By Brian Feeney (for Irish News)
Many people rash enough to venture out without checking a list of Orange marches might find themselves re-routed or delayed but it’s all much reduced and predictable now compared to a generation ago.
Then it would have been, ‘Any people rash enough to venture out...’. Orangemen and the RUC simply closed the north down: streets, shops, buses, businesses, the lot. Belfast became a ghost town as did most other towns. Not now. Most of the north remains unaffected.
It’s a sign of ownership changing hands. The Orange ‘demonstrations’, as they’re pleased to call them, were in essence a demonstration of ownership of the north. Orangemen demonstrated that they could march anywhere they wanted and behave any way they wanted.
The law was their law. The police were their police. No longer. The north is not a unionist state.
It has been a long slow painful process and of course it’s not completed yet.
However Orangemen can no longer march where they want or where they aren’t wanted. Slowly, slowly provocative marches were restricted, then stopped by law, law which of course many Orangemen don’t accept. At what a cost. It’s twenty years since the vast riots at Garvaghy Road. Still, twenty-five years before that the RUC alongside UDA thugs forced marches along Obins Street, known as the Tunnel. It took until 1985 to stop that.
All through those years Orangeism has been shrivelling. It used to be unionist newspapers that dutifully parroted a press release which began, ‘Today 100,000 Orangemen marched at x number of venues.’ That was never true but now there aren’t 30,000 in the Orange Order. The order itself has changed markedly from the days when members of the aristocracy like the Earl of Erne were Imperial Grand Wizards and all unionist MPs were members. Now the aristocracy wouldn’t be caught dead at an Orange march and the leaders are old codgers. There’s no percentage in joining. Not with Fair Employment legislation.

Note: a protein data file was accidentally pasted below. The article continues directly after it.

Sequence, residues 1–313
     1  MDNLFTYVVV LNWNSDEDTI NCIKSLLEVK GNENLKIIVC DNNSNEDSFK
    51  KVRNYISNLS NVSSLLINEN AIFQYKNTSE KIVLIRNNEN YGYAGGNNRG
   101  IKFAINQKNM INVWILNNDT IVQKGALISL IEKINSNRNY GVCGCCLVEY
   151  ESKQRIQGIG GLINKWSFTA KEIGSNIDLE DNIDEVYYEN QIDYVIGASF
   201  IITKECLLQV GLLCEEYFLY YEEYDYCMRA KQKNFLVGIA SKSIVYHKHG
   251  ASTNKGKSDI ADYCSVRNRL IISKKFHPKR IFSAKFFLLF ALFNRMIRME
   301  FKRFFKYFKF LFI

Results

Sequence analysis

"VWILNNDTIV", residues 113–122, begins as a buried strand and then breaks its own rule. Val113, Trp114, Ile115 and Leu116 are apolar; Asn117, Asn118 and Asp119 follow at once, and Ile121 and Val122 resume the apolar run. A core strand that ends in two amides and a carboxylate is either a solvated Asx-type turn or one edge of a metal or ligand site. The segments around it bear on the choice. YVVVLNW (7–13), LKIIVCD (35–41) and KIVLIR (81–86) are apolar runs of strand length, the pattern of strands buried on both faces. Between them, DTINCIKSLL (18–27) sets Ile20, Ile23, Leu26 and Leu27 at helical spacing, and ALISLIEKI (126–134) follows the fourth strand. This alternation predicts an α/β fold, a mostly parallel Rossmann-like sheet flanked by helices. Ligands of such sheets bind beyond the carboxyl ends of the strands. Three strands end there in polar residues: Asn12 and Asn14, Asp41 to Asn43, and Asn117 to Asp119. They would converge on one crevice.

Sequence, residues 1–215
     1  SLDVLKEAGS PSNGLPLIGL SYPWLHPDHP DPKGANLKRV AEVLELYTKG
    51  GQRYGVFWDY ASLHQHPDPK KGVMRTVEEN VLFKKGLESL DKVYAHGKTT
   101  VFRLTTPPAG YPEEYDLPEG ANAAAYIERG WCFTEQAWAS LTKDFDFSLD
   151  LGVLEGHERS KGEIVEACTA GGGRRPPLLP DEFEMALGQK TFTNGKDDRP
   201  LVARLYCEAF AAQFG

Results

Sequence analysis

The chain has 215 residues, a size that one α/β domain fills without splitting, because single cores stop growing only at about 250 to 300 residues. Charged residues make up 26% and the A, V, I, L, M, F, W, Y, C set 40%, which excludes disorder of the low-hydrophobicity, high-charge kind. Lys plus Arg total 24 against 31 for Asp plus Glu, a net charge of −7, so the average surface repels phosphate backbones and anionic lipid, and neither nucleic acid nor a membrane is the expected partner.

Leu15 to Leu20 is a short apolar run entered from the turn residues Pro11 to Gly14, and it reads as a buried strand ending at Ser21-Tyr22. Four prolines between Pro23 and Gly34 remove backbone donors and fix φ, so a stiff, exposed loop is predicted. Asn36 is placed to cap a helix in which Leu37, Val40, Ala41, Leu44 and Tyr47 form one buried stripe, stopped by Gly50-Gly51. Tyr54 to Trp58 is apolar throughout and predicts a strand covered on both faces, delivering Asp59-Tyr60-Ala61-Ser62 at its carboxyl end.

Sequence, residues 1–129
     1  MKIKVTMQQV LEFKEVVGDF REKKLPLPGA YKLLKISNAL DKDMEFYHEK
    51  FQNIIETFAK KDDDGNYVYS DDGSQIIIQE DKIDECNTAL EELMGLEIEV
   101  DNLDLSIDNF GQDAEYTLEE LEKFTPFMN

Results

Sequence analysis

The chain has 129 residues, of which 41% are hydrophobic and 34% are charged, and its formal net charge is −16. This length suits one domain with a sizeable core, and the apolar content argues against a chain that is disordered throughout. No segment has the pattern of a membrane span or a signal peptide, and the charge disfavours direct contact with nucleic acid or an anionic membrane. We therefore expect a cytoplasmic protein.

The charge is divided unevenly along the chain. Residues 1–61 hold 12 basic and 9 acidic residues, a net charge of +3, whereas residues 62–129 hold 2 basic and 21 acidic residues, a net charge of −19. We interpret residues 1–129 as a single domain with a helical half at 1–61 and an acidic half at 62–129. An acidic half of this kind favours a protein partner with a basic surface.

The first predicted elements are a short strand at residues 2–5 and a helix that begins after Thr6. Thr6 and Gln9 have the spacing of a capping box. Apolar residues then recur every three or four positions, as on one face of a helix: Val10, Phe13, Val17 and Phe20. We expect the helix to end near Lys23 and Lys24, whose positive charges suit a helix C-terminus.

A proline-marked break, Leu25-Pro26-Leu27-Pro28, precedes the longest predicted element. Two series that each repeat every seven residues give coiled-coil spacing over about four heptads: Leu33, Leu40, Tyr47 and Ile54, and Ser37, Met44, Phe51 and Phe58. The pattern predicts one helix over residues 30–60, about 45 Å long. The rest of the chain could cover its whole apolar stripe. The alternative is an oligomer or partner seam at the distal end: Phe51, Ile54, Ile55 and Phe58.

Today’s marches are the last relic in these islands of what used to be a fortnight’s industrial holiday when for convenience all factories and works closed for the same period and all the workers were free to go to the seaside. Now heavy industry has closed, in most places forever, and people go on holiday at different times but not by train to Bangor or Portrush, rather by plane to Mallorca or Tenerife. They watch the diminishing remains of Orange marches on satellite TV from their holiday apartment if at all.
No one official from the unionist community will have anything to do with the reckless, lawless bonfires which like the marches are slowly being brought under control and amenable to the law as they become fewer in number. Tons of toxic tyres are now a rarity. No one can defend their presence.
Typically unionist politicians have deserted the communities who must endure the hazard of bonfires polluting the district and organised in most cases by people close to loyalist paramilitaries.
However unionist politicians also remain silent and don’t protest as the bonfires reduce in size and number, the few giant ones remarkable not just for their size but their rarity. Unwittingly for the bonfire builders what they demonstrate is how little of the north unionists now own and how powerless they are to behave lawlessly as in the past.
The same is true of the flags and bunting unionists string up to show where they own. It used to be a large number of towns had official arches with sockets in the footpath to receive brackets for the arches. Some still do, but how many? Now the flags and bunting are erected not officially but by loyalists thumbing their noses at the police who appease them.
It’s all rather like Matthew Arnold’s 1851 poem Dover Beach where he laments the tide of religion going out like the sea:
But now I only hear Its melancholy, long, withdrawing roar; Retreating, to the breath; Of the night-wind, down the vast edges drear; And naked shingles of the world.
Even so, it doesn’t mean unionists are ready to share their diminished ownership on equal terms.